Three out of 10 people with an eating disorder do not receive a referral from their GP to a mental health service for treatment, according to eating disorder charity Beat, which it said was despite NICE guidance advising immediate referral.
A survey conducted by the charity of 1,700 patients with eating disorders found that half rated their GP’s level of care as good or very good – but the other half described it as poor or very poor.
RCGP chair Professor Helen Stokes-Lampard said referrals were not necessarily appropriate for all patients, as some cases can be effectively treated within primary care. Other patients may request not to be referred, she added.
‘The findings of Beat's survey regarding referral are neither surprising nor inappropriate – they are actually more indicative of GPs' understanding of and sensitivity towards patient choice and the elephant in the room: a severe lack of appropriate services in the community for GPs to refer patients on to,' said Professor Stokes-Lampard.
Treating complex mental health conditions was difficult with the pressures of 10-minute consultations, the RCGP chair warned, especially if patients originally visited their GP for a different reason.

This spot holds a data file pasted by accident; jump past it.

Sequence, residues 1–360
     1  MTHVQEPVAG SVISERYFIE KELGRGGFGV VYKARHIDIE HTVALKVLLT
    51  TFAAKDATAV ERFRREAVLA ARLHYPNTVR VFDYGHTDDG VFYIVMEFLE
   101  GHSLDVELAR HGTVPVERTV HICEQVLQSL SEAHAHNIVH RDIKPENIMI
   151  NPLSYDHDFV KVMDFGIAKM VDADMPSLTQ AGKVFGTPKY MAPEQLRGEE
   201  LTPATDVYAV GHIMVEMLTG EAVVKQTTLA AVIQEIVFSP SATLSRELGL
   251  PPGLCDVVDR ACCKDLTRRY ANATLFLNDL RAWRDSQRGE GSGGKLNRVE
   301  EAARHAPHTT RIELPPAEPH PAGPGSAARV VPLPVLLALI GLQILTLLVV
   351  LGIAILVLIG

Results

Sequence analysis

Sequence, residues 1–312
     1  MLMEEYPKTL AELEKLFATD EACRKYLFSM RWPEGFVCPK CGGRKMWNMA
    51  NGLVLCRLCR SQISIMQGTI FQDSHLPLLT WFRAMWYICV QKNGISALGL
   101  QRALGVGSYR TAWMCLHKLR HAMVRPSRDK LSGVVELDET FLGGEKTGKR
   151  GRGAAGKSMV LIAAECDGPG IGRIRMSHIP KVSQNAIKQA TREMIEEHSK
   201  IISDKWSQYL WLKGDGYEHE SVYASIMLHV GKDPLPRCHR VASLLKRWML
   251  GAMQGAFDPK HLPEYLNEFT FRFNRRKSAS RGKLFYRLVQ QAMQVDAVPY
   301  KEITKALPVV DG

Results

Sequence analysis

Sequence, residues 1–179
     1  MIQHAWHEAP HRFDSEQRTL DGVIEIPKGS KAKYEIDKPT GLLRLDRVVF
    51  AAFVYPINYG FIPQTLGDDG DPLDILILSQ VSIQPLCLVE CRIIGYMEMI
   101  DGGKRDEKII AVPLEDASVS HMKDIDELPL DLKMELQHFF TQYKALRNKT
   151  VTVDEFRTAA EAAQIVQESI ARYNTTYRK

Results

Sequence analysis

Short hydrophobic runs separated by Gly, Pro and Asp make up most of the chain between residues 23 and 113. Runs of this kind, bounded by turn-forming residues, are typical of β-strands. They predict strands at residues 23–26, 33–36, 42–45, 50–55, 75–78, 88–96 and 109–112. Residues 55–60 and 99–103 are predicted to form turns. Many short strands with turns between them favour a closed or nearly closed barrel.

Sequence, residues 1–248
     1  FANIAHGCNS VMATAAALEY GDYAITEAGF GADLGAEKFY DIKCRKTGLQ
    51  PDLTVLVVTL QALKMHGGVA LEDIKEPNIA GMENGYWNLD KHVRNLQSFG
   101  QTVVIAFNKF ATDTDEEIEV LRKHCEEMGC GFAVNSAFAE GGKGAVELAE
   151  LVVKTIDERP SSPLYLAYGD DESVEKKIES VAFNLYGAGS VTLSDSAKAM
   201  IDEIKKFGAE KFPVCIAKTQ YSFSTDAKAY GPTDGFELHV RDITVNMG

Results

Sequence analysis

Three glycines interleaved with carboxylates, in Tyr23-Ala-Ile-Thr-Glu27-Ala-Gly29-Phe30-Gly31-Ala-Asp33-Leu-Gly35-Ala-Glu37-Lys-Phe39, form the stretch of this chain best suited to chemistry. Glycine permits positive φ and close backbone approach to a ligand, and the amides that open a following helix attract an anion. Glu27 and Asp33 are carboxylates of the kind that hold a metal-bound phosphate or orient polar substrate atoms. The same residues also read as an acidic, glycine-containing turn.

Almost one in six respondents said they had switched to a different GP after not receiving the care or help they needed the first time around.
Both the charity and the RCGP called for GP trainees to receive more training to help them diagnose the psychological and behavioural symptoms of eating disorders, and to improve rates of immediate referral.
Professor Stokes-Lampard said: ‘More, appropriate training that can help us to deliver the best possible care for our patients is always welcome, and the college has long called for GP training to be extended to four years to include a mandatory specialist-led placement in mental health – and today's figures support this call.
‘In the meantime, mental health will continue to be an enduring priority for the RCGP and we have developed a number of e-learning courses, including one on eating disorders with [charity] Anorexia Bulimia Care.
'We are also working with Mind to develop resources, including a forthcoming top tips document on eating disorders, to encourage GPs to incorporate mental health, including eating disorders, into their continued professional development.
‘Ultimately what is necessary is for substantially more investment in general practice and more GPs so we can offer longer consultations to those patients who really need them – and a greater quantity and variety of mental health services in the community that would be of great benefit to our patients with eating disorders.'
Beat chief executive Andrew Radford said: ‘We are calling for increased eating disorder training for medical students specialising in general practice so that all GPs are equipped to support eating disorder sufferers.
‘This isn’t about blaming GPs, it’s about enabling the 50% of GPs who didn’t provide good care to be as supportive of eating disorder sufferers as the 50% who did.’